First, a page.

Vulvar cancer patients with locally advanced or unresectable disease are increasingly being treated with definitive chemoradiation therapy (Stroup et al, 2008). GOG 205 examined the clinical and pathologic response of 58 unresectable vulvar cancer patients with T3 or T4 lesions who received chemoradiation therapy (Moore et al, 2012). These patients all received radiation therapy to 57.6 Gy in 33 fractions combined with weekly cisplatin (Moore et al, 2012). This study found a 64% complete clinical response rate and a 78% pathologic response rate with a radiation dose of 57.6 Gy. The authors concluded that radiation therapy combined with chemotherapy resulted in high clinical and pathologic response rates for patients with locally advanced vulvar cancer (Moore et al, 2012). In a retrospective analysis of 2046 women with vulvar cancer in the National Cancer Database, Natesan et al (2017) found that definitive treatment with a dose of 55 Gy or greater combined with chemotherapy was associated with similar survival as preoperative radiation/chemoradiation therapy followed by surgery.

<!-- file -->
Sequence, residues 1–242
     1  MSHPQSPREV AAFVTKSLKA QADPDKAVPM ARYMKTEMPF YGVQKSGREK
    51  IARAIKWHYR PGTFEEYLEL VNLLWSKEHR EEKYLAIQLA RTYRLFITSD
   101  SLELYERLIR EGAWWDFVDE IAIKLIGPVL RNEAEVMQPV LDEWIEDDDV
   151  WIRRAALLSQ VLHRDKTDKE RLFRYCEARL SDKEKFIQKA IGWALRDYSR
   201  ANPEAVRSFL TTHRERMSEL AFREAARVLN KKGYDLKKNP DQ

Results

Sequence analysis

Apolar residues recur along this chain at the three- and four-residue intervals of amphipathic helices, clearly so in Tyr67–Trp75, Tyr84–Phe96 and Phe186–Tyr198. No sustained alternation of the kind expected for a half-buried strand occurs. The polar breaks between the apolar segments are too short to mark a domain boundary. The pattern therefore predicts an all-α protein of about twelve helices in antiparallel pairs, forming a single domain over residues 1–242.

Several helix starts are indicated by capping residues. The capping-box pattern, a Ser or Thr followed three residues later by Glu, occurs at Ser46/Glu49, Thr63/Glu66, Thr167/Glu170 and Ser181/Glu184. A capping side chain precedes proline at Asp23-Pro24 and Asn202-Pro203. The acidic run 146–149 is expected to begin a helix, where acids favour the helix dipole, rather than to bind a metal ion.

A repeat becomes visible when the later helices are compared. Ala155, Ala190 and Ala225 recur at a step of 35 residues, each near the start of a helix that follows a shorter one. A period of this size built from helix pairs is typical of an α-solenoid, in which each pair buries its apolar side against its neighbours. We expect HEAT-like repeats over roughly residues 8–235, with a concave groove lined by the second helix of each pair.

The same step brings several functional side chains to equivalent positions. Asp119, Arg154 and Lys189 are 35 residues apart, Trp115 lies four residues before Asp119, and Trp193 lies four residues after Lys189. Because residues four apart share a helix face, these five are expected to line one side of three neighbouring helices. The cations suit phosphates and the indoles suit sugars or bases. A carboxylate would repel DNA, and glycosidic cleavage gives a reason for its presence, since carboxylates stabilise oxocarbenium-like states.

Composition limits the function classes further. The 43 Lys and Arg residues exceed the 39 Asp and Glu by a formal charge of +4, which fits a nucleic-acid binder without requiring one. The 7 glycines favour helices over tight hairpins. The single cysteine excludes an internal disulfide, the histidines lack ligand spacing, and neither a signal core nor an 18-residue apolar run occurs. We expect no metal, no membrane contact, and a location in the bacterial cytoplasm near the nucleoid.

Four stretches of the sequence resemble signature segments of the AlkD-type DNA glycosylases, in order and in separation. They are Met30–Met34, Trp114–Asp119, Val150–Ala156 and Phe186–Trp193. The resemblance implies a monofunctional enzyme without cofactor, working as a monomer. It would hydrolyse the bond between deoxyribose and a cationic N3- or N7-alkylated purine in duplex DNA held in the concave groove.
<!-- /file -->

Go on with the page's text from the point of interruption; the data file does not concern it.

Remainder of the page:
There is no consensus on the optimal radiation therapy volume to include when treating vulvar cancer. GOG 37 which demonstrated a survival benefit with postoperative radiation therapy only included the nodes in the pelvis and inguinal region and excluded the vulva (Homesley et al, 1986). GOG 37 randomized 114 vulvar patients who had positive groin nodes after radical vulvectomy and bilateral groin lymphadenectomy to either radiation therapy or additional surgical resection with an ipsilateral pelvic lymph node dissection. Postoperative radiation therapy was delivered to the bilateral pelvic and inguinal lymph nodes and excluded the vulva and was associated with improved two year overall survival compared to surgical resection (68% vs 54%, p=0.03) (Homesley et al, 1986). This study demonstrated a vulvar failure rate of 7-9 % with the omission of radiation directly to the vulva (Homesley et al, 1986). In contrast, in a retrospective review of 27 vulvar cancer patient who received surgery followed by radiation directed only at the inguinal and pelvic nodes and using a midline vulvar block, there was a 48% vulvar recurrence rate associated with the use of the midline vulvar block. (Dusenbery et al, 1994). The Consensus Recommendations for Radiation Therapy Contouring and Treatment of Vulvar Carcinoma committee recommends a conservative approach in treating vulvar cancer with the inclusion of the vulva, inguinal, and pelvic nodes in the treatment volume for the majority of definitive cases (Gaffney et al, 2016). The NCCN Guidelines for vulvar cancer note that there are very select cases where superficial treatment to the vulva alone with electrons may be used